What is Internalization
Internalization can refer to any process that is handled within a particular entity instead of directing it to an outside source for completion. In business, internalization is a transaction conducted within the confines of a corporation rather than in the open market. Internalization can apply to a multinational corporation shifting assets between subsidiaries across borders.
BREAKING DOWN Internalization
In investing, internalization refers to the decision by a brokerage firm to fill a buy order for shares of security from its own inventory of shares rather than seeking to execute the trade using outside inventory.
Internalization can occur when an individual, business, or firm determines handling the issue in-house is beneficial. This can include producing a particular material for a product instead of arranging to have it created by another manufacturer, a process called internal sourcing, or delivering products to customers through the business’s own methods instead of using an outside shipping company.
A trade may be considered internalized when the trade is completed for an investor within their associated brokerage firm, allowing the trade to complete by using securities currently held by the aforementioned firm. Internalization of trades can provide a variety of benefits, depending on the nature of the transaction. The process is often less expensive than alternatives as it is not necessary to work with an outside firm to complete the transaction.
Brokerage firms that internalize securities orders can also take advantage of the difference between what they purchased shares for and what they sell them for, known as the spread. For example, a firm may see a greater spread by selling its own shares than by selling them on the open market. Additionally, because share sales are not conducted on the open market the brokerage firm is less likely to influence prices if it sells a large portion of shares.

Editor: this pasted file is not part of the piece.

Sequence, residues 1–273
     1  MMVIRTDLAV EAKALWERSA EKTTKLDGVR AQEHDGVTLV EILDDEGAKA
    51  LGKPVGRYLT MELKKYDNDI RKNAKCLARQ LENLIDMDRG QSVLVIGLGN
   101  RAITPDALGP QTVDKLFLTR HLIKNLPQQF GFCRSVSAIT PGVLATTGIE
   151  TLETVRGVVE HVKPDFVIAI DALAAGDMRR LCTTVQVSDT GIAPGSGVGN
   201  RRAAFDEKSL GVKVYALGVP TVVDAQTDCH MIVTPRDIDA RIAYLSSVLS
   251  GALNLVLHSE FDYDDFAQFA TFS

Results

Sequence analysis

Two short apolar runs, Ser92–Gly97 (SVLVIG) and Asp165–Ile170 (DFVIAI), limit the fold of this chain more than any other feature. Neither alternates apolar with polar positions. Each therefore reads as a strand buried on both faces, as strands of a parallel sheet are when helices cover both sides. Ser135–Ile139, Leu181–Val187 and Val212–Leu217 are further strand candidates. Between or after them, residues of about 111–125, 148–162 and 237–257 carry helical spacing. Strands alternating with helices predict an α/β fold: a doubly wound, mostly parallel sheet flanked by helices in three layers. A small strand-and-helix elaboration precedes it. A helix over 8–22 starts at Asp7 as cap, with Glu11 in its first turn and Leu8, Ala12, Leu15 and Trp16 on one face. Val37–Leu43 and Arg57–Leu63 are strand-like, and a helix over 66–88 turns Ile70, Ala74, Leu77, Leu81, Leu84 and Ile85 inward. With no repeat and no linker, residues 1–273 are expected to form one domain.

Internal sourcing refers to the process of acquiring any needed asset, service, or material from within the business instead of from an external source. Most commonly, this refers to a business’s decision to produce certain goods internally that are needed to maintain other business operations instead of having an outside supplier.
Internal sourcing can also refer to internal hiring practices where preference is given to current employees when recruiting for a vacancy, as well as choosing to keep certain business activities within the business structure, such as with marketing activities.
A business may work to keep its financing source internalized, focusing on the reinvestment of certain assets back into the business instead of acquiring outside financing or investment.